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Does Use Of Personal Mobile Devices Increase Your Family's Exposure To Wage And Hour Violations?

Five years ago, only a third of employers said they had a bring-your-own-device (BYOD) policy—now, almost all employers do, according to one expert.

BYOD policies allow staff to use their personal smartphones and tablets to access work email and other accounts. However, employers must make sure that workers are paid for all hours worked, including when working from mobile devices outside of the workplace.

Although the Fair Labor Standards Act (FLSA) allows employers not to pay for "de minimus" time worked by staff, it is a limited exception for very small amounts of time that are difficult to track. In fact, the exception has been challenged in court, with a ruling for California employers in which the court set aside the FLSA "de minimus" rule and instead held that every minute worked must be tracked and paid for.

The DOL stated in 2015 that it planned to develop rules governing work performed on portable devices. Although it has not yet released these rules, it still pursues mobile device-related wage and hour violations in the meantime. Lisa Nagele-Piazza "Tips for Managing Workers' After-Hours Use of Mobile Devices" shrm.org (Jun. 15, 2018).


Commentary and Checklist

Mobile technology enables staff to work from anywhere. Unfortunately, non-exempt staff working off-the-clock, and not being paid for the time, creates exposure for family employers.

Reading and sending emails or answering calls from work are compensable work tasks. Family employers should require staff to only perform these tasks during their normal work hours in the workplace, if possible.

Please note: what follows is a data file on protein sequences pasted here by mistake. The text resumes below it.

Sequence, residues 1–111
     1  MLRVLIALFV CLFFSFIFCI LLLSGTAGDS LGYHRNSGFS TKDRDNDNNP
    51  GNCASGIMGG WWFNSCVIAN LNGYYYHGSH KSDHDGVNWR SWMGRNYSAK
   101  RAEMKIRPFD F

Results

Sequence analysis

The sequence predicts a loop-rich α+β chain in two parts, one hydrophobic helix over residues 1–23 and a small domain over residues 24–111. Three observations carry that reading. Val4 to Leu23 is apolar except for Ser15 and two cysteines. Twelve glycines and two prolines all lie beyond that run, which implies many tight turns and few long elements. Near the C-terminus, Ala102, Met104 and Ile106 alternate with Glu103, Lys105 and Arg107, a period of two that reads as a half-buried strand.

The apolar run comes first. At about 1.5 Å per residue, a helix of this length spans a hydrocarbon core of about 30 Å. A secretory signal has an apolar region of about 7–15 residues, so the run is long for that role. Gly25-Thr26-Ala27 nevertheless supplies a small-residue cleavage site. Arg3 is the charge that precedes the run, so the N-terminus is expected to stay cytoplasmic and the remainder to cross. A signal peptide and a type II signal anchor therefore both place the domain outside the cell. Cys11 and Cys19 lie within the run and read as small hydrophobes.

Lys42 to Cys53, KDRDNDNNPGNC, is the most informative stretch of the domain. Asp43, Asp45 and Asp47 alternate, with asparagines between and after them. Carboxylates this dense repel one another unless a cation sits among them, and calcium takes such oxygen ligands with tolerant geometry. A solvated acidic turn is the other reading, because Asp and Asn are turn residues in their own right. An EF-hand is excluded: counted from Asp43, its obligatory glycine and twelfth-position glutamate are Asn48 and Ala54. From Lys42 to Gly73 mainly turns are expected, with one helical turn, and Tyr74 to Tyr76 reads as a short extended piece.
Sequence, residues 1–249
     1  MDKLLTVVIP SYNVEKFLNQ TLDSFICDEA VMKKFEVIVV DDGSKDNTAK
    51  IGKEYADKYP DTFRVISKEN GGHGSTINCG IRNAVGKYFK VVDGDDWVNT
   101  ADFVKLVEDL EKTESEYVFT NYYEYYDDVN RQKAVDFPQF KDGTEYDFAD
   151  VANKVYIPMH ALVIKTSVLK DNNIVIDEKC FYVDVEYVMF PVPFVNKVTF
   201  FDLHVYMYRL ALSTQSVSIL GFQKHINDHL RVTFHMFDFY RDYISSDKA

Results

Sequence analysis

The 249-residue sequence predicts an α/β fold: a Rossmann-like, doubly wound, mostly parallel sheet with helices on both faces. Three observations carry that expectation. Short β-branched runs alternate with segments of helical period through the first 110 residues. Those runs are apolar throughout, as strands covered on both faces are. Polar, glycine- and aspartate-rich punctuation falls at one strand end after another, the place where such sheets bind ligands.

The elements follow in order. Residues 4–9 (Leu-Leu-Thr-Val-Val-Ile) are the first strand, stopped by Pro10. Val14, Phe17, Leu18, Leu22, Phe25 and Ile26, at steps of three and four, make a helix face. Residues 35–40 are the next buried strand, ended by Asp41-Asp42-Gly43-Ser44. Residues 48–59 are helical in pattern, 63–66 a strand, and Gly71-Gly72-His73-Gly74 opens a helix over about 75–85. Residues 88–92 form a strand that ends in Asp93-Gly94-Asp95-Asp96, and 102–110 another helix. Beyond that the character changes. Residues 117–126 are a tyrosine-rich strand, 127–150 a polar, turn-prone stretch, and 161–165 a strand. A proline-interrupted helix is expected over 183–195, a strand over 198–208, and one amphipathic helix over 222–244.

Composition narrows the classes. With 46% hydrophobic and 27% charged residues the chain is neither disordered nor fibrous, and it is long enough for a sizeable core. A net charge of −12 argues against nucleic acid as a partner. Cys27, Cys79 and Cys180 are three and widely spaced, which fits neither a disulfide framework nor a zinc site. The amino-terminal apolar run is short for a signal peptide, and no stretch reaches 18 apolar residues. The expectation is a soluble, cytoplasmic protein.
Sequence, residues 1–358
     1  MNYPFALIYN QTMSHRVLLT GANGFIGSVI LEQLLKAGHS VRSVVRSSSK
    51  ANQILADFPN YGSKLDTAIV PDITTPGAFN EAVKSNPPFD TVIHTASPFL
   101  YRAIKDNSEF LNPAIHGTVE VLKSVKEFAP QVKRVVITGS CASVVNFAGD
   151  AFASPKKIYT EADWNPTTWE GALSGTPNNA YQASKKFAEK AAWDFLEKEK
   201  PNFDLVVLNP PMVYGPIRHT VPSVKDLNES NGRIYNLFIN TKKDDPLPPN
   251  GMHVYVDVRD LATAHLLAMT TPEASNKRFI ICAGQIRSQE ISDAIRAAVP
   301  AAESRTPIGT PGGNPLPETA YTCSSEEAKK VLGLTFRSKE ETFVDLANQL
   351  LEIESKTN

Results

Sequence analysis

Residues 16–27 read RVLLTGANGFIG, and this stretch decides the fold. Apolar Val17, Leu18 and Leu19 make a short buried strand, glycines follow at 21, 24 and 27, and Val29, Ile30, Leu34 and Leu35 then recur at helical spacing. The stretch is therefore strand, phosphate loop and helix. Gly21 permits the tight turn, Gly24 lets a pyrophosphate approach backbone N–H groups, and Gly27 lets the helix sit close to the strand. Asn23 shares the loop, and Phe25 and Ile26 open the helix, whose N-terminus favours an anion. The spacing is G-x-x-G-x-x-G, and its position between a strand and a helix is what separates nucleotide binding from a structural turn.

Family employers must create a written policy stating which staff is allowed to perform work on personal devices and for what purposes. Prohibit staff from working off-the-clock. Require them to get managerial approval before performing work outside of their normal hours. Have staff use a time tracking app or other mechanism for tracking all time worked outside of the workplace.

Train your supervisors and managers to never ask staff to work after-hours. Make sure they only request staff to perform the amount of work that staff can accomplish during their regular hours.

If you do allow staff to BYOD, make sure your policy also addresses privacy and cybersecurity issues. State that you may access work-related data sent from personal devices, and that the staff person is not allowed to keep any work information on personal devices when he or she leaves the organization.

Train all staff that BYOD on cybersecurity best practices. Require them to password protect all personal devices that they use for work, and use a unique, strong password on all work-related accounts. Require staff to notify a supervisor immediately if a personal device containing work data is lost or stolen.

Discuss the following with staff to make sure they do not violate wage and hour policies when using mobile technology:
 

  • If paid hourly, make sure to count any time spent performing work duties on mobile devices outside of the workplace as hours worked. This includes replying to an urgent email, taking a work-related call, or booking a flight ticket for work-related travel.
  • Submit accurate records of all hours worked, whether in or out of the workplace.
  • Do not perform any work, including checking emails, during unpaid breaks.
  • If it is not necessary to check work email, wait to check it until you are back in the workplace.
  • Managers should avoid contacting staff during their off-hours unless it is urgent, and should not expect a response to email sent when staff is away.
  • Promote a mindset of only performing work outside of the workplace when absolutely necessary. Let staff know that you or a manager will only call when they are out of the office if it is urgent.
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